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Chances are, if you’ve found the songs I’ve chosen to share on this blog even remotely tolerable, you are aware of what ‘lo-fi’ music sounds like and what the whole idea of the genre denotes and I need not attempt to explain it to you. It is my belief that you either enjoy lo-fi music or you think it’s stupid and how could anyone listen to this ham radio BULLSHIT?! To some, all potential merit of the song - how it was written, performed, the lyrics, the emotion - is immediately discarded when this quality is present.
I consider myself an admirer of a myriad of bands that have been identified as such (GbV, Urinals, Dinosaur Jr., etc.), but the muddled fidelity isn’t a contributing factor to my feelings of adoration, in fact, it doesn’t affect it whatsoever. 

I’m sure you’ve been in the situation where you’re about to watch a movie with some friends and everyone’s looking forward to it until one guy gets all perturbed because the movie has subtitles. “Ugh! I don’t want to have to read while watching a movie.” or “Having to read subtitles just kinda takes me out of whole thing, you know?”. Maybe you’re that guy. There’s nothing to be ashamed of. It can seem like having to direct your sight to the bottom of the screen in order to simply understand what’s happening will be difficult and you won’t be able to rightfully kick back and let the movie read to you.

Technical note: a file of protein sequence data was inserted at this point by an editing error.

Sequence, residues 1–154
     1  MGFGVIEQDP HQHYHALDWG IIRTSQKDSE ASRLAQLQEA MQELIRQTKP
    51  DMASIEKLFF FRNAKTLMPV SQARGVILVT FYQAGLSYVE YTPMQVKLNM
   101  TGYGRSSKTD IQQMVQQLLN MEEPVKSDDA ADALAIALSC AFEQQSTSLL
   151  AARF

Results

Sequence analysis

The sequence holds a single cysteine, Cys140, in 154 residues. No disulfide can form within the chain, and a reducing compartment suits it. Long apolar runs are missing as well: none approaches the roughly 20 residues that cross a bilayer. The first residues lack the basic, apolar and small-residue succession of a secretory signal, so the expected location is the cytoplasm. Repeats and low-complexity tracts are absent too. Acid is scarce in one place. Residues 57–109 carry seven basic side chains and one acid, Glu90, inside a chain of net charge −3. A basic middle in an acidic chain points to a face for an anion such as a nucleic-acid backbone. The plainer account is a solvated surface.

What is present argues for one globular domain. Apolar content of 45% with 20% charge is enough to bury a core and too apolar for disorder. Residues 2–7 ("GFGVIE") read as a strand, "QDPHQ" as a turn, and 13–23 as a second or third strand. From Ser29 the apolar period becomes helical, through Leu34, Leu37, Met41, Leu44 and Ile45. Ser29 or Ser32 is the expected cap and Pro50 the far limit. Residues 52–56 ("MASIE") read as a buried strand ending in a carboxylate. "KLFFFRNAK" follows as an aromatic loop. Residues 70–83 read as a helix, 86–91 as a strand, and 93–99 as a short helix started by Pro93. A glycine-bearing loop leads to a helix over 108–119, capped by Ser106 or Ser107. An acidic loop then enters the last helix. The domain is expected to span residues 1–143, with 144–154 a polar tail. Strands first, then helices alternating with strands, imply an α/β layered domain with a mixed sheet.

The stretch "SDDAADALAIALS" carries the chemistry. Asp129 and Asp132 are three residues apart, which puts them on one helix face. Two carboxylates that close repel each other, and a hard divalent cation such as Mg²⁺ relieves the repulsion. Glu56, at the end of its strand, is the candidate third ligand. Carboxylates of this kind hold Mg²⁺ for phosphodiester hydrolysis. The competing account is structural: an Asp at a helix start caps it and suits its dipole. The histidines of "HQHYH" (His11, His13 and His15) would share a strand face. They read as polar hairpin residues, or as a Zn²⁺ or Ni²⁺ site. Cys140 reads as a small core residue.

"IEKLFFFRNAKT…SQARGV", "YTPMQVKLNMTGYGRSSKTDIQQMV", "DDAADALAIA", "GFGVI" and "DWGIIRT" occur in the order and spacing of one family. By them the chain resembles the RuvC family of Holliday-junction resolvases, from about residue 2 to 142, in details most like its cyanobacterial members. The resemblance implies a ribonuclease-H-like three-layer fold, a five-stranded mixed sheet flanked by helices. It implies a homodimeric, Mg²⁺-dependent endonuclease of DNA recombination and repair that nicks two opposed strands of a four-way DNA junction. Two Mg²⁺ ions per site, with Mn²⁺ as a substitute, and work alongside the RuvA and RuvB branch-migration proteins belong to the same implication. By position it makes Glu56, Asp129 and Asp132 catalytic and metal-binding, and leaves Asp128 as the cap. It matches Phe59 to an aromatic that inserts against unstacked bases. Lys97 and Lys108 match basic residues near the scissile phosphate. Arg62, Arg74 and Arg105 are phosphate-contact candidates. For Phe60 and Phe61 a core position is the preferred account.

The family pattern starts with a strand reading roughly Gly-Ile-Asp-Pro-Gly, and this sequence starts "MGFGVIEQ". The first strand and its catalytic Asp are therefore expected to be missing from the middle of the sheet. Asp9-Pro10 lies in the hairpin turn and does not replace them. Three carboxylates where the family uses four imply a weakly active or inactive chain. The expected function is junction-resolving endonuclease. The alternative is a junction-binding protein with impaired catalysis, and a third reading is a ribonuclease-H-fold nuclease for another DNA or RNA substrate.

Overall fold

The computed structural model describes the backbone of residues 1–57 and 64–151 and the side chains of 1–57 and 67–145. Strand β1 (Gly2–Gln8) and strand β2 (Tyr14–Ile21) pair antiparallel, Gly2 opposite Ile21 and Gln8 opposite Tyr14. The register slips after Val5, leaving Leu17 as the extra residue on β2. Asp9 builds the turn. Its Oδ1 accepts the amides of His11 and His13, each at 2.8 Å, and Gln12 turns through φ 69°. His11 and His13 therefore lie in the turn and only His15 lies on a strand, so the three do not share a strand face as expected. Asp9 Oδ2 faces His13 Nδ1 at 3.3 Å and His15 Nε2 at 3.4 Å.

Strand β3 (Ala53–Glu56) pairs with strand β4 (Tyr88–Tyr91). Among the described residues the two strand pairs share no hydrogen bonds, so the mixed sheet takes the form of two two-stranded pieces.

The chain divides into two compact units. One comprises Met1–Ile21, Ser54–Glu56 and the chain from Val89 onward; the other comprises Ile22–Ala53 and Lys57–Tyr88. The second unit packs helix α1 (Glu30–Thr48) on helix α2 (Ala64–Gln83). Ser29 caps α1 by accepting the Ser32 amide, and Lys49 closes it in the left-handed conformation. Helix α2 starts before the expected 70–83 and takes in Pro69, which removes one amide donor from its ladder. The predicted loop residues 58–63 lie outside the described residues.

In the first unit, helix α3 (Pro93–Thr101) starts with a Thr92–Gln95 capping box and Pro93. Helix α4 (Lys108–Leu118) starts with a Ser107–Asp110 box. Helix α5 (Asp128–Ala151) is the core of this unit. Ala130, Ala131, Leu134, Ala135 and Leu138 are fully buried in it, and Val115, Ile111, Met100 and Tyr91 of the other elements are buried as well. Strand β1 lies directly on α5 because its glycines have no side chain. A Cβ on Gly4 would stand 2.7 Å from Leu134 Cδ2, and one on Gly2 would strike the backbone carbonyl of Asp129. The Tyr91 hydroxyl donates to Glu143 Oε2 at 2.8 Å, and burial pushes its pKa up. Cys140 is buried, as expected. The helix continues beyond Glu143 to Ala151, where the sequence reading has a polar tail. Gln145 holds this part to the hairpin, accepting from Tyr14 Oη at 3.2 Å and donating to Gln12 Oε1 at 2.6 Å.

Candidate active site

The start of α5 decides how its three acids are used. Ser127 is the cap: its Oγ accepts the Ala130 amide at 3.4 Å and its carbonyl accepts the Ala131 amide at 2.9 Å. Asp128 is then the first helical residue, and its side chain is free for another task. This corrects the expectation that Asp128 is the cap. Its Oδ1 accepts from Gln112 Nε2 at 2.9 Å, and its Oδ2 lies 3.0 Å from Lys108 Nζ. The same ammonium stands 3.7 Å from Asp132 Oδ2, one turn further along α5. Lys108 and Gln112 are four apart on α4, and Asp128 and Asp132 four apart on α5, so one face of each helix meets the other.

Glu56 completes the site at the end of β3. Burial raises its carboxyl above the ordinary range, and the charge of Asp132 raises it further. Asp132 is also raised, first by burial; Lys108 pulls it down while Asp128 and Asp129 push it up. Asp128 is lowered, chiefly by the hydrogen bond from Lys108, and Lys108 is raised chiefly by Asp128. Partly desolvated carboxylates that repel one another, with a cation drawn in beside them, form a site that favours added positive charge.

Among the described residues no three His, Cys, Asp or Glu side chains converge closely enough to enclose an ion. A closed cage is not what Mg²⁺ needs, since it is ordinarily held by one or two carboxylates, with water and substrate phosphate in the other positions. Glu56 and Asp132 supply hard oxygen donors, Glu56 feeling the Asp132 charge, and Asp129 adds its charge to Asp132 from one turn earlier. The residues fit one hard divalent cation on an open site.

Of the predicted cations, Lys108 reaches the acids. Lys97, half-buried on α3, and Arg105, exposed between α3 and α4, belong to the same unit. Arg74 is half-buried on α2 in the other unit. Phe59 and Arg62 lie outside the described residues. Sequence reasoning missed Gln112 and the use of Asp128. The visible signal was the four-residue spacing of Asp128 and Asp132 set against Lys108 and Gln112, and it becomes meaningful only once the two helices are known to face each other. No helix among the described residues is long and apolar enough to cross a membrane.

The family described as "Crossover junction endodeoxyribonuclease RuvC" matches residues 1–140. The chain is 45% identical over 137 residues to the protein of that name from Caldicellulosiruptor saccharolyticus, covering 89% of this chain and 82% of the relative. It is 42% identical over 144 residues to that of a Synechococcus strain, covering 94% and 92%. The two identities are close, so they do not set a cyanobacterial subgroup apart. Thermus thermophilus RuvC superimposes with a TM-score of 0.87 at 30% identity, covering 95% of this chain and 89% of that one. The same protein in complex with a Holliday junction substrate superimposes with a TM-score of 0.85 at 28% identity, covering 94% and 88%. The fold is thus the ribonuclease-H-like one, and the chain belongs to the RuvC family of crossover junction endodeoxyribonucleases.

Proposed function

If you have thought this, then you’re also aware that your brain just gets used to it within, say, less than 30 seconds; it goes on a sort of autopilot and the conscious effort of reading seems to fade without even being noticed. I feel the same goes for music. If everyone who instantly discounted a song for its sonic quality would take the time and let themselves become immersed in it, which simply takes a few effortless seconds of sitting there and not doing anything but listening, they would almost immediately hear past the confines of technical quality. Similar to working with white balance and colour correction, the context of whatever you were hearing or seeing beforehand is erased and whatever you are experiencing now becomes the default. 

Astrobrite is an American shoegaze group that bestowed upon the 1990s a scattering of cassettes and a couple of 7”s and CDs. They released their first full-length LP, Crush, in 2001 - almost 10 years after the band had formed. Crush is screeching, scintillating, tonally raucous but meditative and lush; it pushes the limits of lo-fi like few others. Crush, aptly named, is warm and seductive, and singer, Scott Cortez, flirts with adolescent timidity. The album makes My Bloody Valentine’s Isn’t Anything sound as if it’s been Rick Rubinized, but the throbbing tenderness of the music simply doesn’t allow room for criticism toward something as superficial as the method in which it was preserved. 

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